That is my message for those suffering in the darkness. This week is National Infertility Awareness Week, in which bloggers and others resolve to talk about infertility. This year's theme is "You Are Not Alone".
I didn't realize it was NIAW until Monday, so I feel a little behind. At first, I worried that I should be writing something new and earth-shattering, but then I realized that sameness, routine, cycles are what infertility is all about for me. One of the hardest things about infertility is the sense that I'm not going anywhere, not moving forward, just kind of stuck here. Life has changed in some ways. I've gone back to school. I cut my hair. I made a few new friends. Life has changed, but I am still infertile, and if I'm honest, that defines me in ways that nothing else does.
After a while, infertility starts to feel like that movie Groundhog Day. It's just the same crazy cycle again and again. Each month (or so), you might allow a little hope to start developing, then get disappointed all over again and ashamed of yourself for hoping. Once you've been in the game for over a year, that adds another level of sameness. As we go into May, it's hard for me to hope that we'll have a babe in arms by next year's Mother's Day when I realize that I had the same optimistic thought last year, and the one before. All of those thoughts of, "If I got pregnant now, I'd be in my last months in the hottest time of the year," and "Hmmm, would my kid resent me if I had a Christmas baby?", I've had them all year after year. And like Bill Murray, I just keep thinking that if I figure out that ONE thing I need to do differently, maybe I'll get out of this crazy game.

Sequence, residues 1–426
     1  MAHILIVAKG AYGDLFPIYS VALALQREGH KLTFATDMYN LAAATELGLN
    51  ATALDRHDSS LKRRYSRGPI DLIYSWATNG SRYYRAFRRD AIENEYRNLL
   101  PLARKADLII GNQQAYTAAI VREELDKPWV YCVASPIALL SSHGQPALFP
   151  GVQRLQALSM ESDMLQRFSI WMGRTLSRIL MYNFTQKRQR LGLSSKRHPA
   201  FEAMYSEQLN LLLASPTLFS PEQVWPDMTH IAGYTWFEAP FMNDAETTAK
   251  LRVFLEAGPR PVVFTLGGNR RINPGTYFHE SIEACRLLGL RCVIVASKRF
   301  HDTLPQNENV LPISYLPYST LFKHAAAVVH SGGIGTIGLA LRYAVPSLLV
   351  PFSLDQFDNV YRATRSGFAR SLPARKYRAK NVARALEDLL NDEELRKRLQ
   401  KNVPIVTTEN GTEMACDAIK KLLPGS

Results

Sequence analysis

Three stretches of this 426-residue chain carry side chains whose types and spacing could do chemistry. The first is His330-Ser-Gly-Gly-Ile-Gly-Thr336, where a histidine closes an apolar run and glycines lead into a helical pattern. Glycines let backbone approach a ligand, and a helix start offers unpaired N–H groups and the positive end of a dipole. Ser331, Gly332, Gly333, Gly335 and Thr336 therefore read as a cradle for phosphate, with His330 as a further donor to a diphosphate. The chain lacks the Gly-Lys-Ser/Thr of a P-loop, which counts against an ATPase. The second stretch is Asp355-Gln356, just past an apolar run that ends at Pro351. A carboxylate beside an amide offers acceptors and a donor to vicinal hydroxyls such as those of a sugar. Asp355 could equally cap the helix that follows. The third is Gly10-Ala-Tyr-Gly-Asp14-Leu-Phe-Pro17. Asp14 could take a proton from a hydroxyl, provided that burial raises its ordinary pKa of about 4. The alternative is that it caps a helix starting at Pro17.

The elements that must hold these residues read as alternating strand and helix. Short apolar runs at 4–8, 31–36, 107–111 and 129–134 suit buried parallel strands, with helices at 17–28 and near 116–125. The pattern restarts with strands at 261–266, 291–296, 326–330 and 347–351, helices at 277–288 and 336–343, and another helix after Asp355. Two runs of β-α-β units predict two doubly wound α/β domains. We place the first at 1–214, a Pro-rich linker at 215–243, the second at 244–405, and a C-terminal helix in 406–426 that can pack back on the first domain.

The sense that my life is stagnant contributes to the sense of aloneness. It feels like everyone else is moving forward, and I don't relate any more. In the time span since we have been trying, I have friends that have decided to try for a baby, gotten pregnant, dealt with the ups and downs of that, had a newborn, and have now seen the light of the tunnel of the newborn haze. Meanwhile, I'm still here in the same dark tunnel, and I can't even remember what the light looks like after all this time. After a while, it feels like you have nothing to share, nothing going on that is worth talking about, and after initial compassion and sympathy, people just stop asking. They forget. They go on with their lives of jobs and babies and parenting and getting pregnant again, and assume you are moving forward or getting over your infertility. The truth is, I don't think you ever get over it.
So if you're reading this and feeling alone, please know that you're not. Know that someone somewhere does truly care that you're in a dark tunnel, and there are others who know this journey all too well.
If you're reading this and you have an infertile friend, give them a call, or an email, or a hug. Let them know you are still thinking of them. It doesn't get easier, and you don't get past it. It is a struggle that defines you, and largely does so in isolation.
Check out these links to learn more about infertility:
- What is Infertility: http://www.resolve.org/about-infertility/what-is-infertility/
- About NIAW: http://www.resolve.org/national-infertility-awareness-week/about.html